I have read more profound books by women who rejected secular culture, seeing its lifestyle as hedonistic, godless, and disrespectful of their feminine dignity. They saw in secular culture a society that defines the perfect body as the perfect virtue, the undress of female as art, the augmented female figure as the appropriate trophy on the arm of the rich and famous. They chose Chassidic Judaism instead.

    Could you name a couple recommendations?

  2. Eric Leibman says:

    There are people like her in every generation. They happen. They turn on their own and denounce them to the world and they eat it up. We have had them in the past, we have them now and they will always be around. Go forward, and concentrate on the things we can actually do something about.

  3. Aryeh L. says:

    So she should have stayed put?

  4. Adie Horowitz says:

    Thank you for putting into words, what so many of us are feeling in our hearts.
    Shame on you Barbara Walters, for acknowledging Deborah as the voice of a woman representing orthodoxy.
    And shame on you Deborah Feldman!

  5. Julie says:

    Not quite as simple as you make out–it’s one thing for a unified couple to make a joint decision to make a change in their religious life. No matter how exaggerated certain aspects of her book are (and I have read the entire book, not just excerpts posted online), she was a young woman (with little exposure to things outside of her community) in a dysfunctional marriage. To expect her to have uprooted herself and moved to a modern Orthodox community on her own, without any contacts, is unrealistic. It sounded like she relied on help from non-Jewish classmates (and possibly her non-religious mother, though she doesn’t make that totally clear).

  6. shaya says:

    Aryeh: No, I think he’s telling her to become Modern Orthodox.

  7. Nachum says:

    All true. But just bear in mind that “seeking validation” can be a two-way street.

  8. L. Oberstein says:

    If one has never experienced in their own family a child who is off he derech then we cannot possibly understand. Deborah Feldman is in many ways immature and enjoying her notoriety. She gets joy out of eating treif ,etc. It is really understandable. She is to be pitied because anyone who ends an interview (in the NY Post) by saying that the only man who ever made her feel normal is a Catholic in New Orleans who grew up in the woods, that woman has some issues. However, lots of Yiddishe kinder are leaving strict observance but most don’t write books about it and go on TV. They just go away from home and find the outside world enticing. Deborah Feldman lived in a very restrictive Satmar culture but how many kids from the rest of the frum world leave the observant community. Not all of them grew up in totally dysfunctional homes with a mother who ran away and a mentally challenged father. This girl is the tip of the iceberg .

  9. dr. bill says:

    Shaya, Telling a chareidi to become MO given how MO are portrayed, is no small feat. a close friend of mine is a physician one day a week in Kiryat Yoel tending to the needs of a cross-section of chassidim including some of the leaders of the community. Each year he receives a few boxes of shmurah matzah that were visible on his desk. a chareidi woman patient asked him, despite his small knitted yarmulkah, if he eats bread on pesach. he replied: Only pumpernickel!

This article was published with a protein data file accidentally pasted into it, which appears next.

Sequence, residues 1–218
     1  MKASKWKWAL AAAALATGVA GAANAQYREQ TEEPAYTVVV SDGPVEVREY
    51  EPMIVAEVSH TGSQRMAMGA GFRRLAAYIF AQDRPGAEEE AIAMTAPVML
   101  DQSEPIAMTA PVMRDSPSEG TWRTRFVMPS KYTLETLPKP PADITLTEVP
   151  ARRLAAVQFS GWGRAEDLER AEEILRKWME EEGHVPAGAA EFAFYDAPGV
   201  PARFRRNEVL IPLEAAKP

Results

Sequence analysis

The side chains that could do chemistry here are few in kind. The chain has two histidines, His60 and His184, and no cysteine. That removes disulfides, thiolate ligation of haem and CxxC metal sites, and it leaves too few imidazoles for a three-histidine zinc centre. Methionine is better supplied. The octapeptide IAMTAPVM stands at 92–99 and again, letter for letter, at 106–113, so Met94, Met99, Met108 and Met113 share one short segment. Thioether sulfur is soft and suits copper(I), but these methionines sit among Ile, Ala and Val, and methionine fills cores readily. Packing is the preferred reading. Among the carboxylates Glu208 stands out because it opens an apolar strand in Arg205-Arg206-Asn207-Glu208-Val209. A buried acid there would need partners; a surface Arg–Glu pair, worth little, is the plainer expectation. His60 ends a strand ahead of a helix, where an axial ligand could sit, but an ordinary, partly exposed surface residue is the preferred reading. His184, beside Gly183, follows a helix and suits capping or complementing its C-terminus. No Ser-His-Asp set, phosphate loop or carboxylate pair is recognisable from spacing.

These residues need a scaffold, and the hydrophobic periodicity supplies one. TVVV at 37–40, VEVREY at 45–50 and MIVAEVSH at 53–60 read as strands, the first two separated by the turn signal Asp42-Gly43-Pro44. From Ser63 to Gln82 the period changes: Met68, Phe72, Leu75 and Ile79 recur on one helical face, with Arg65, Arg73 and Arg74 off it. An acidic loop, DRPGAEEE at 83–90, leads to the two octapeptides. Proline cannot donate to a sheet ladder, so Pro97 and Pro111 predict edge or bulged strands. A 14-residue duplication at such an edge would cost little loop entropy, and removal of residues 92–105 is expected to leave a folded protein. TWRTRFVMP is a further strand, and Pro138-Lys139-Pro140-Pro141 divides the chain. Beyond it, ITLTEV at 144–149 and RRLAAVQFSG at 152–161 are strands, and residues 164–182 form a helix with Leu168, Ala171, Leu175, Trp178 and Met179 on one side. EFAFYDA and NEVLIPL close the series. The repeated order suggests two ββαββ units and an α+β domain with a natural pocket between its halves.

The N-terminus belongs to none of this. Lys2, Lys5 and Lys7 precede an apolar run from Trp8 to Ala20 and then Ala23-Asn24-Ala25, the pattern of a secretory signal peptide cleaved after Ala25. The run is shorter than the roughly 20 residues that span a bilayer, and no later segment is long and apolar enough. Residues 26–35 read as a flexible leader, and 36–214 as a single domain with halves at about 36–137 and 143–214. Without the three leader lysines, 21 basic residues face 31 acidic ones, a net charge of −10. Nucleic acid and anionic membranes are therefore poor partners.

i wish that those who choose to leave could find an alternative orthodox stream.

  10. Abe A says:

    A letter to Simon & Schuster.

    Re: Deborah Feldman and Unorthodox.

    Perhaps you should have looked at the the countless Chassidim and Orthodox individuals worldwide, who have become huge successes careerwise, through their intellect, hard work and education, who are serving humanity in many arenas: some doctors, some lawyers, psychiatrists, judges, scientists, actuaries, authors, politicians, etc.

    There is no field in the US and beyond where Chassidim and Orthodox individuals have not become successful, where the world at large hasn’t benefited from their brainpower and expertise. And this is with their 4th grade education, according to DF – ha! At the same time, they have no desire or interest or thought to leave Chassidism or Orthodoxy behind.

    Believe it or not, the above didn’t need the 150 or so member organization that Ms. Feldman speaks of fondly, laden with social misfits and shlemazels, to straighten out their minds and guide them in life and offer them vocational advice in addition to “everything goes” sex education, etc.

    Some do, obviously. Once they’re out in the big world, all morals die for many. The cancer of immorality and the “everything goes in the name of enlightenment” mindset takes over. Not with everyone though.

    Simon & Schuster: she’s NOT the first Chassidic individual to have gone to college! You chose HER to tell HER story and thereby represent uniquely successful (ex)Chassidim? You people are living in the dark ages! Shame on you!

    If anything the book should have been named Un-“Satmar” but even among Chassidic people there are highly educated and very worldly individuals.

    Are all non-Chassidic people educated and worldly?

    Orthodox people are mostly VERY highly educated and VERY worldly. Bad choice of title, S&S!

    To those who are unaware, Jack Lew, White House Chief of Staff, and Senator Joseph Lieberman, are two very highly visible Orthodox Sabbath Observant Jews, among many worldwide, and proud of it.

  11. Allan Katz says:

    The challenge is to look beyond the ‘ anti’ of a press article and book and work on the issues that do exist , no matter how small.

  12. Eleanor says:

    It should be noted that the book is written not as an autobiography, but rather as a memoir. So right off the bat you know these are Ms. Feldman’s memories and how she interpreted her life. A memoir by nature is not necessarily complete fact.

    The book ends with the author saying how glad she is to be Jewish and how there are many treasured memories of her childhood back in Williamsburg despite the fact that she cannot stay there long when visiting. Even the coffee she drinks in New Orleans brings back good memories for her due to the chicory. Give the girl a break. If she now notices every non-Jewish person out there in the world it is because she was kept from the world.